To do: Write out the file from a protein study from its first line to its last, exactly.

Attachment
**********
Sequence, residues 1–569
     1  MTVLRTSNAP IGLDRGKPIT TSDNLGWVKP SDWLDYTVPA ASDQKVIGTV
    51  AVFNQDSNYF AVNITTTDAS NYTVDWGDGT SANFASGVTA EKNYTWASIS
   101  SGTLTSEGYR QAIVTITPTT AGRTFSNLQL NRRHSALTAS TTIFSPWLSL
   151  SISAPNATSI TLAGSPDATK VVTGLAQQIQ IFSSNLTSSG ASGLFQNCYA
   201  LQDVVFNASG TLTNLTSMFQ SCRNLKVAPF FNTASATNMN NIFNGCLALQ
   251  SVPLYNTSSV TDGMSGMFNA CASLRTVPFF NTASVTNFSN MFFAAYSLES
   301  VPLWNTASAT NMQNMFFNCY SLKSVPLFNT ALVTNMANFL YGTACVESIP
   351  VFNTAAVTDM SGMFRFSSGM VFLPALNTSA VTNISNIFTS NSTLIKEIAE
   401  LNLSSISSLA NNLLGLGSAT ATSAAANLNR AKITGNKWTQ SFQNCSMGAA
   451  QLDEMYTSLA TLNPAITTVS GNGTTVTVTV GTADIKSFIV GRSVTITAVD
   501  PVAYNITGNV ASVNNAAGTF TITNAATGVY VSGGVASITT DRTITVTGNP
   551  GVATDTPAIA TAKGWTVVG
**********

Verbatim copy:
Sequence, residues 1–569
     1  MTVLRTSNAP IGLDRGKPIT TSDNLGWVKP SDWLDYTVPA ASDQKVIGTV
    51  AVFNQDSNYF AVNITTTDAS NYTVDWGDGT SANFASGVTA EKNYTWASIS
   101  SGTLTSEGYR QAIVTITPTT AGRTFSNLQL NRRHSALTAS TTIFSPWLSL
   151  SISAPNATSI TLAGSPDATK VVTGLAQQIQ IFSSNLTSSG ASGLFQNCYA
   201  LQDVVFNASG TLTNLTSMFQ SCRNLKVAPF FNTASATNMN NIFNGCLALQ
   251  SVPLYNTSSV TDGMSGMFNA CASLRTVPFF NTASVTNFSN MFFAAYSLES
   301  VPLWNTASAT NMQNMFFNCY SLKSVPLFNT ALVTNMANFL YGTACVESIP
   351  VFNTAAVTDM SGMFRFSSGM VFLPALNTSA VTNISNIFTS NSTLIKEIAE
   401  LNLSSISSLA NNLLGLGSAT ATSAAANLNR AKITGNKWTQ SFQNCSMGAA
   451  QLDEMYTSLA TLNPAITTVS GNGTTVTVTV GTADIKSFIV GRSVTITAVD
   501  PVAYNITGNV ASVNNAAGTF TITNAATGVY VSGGVASITT DRTITVTGNP
   551  GVATDTPAIA TAKGWTVVG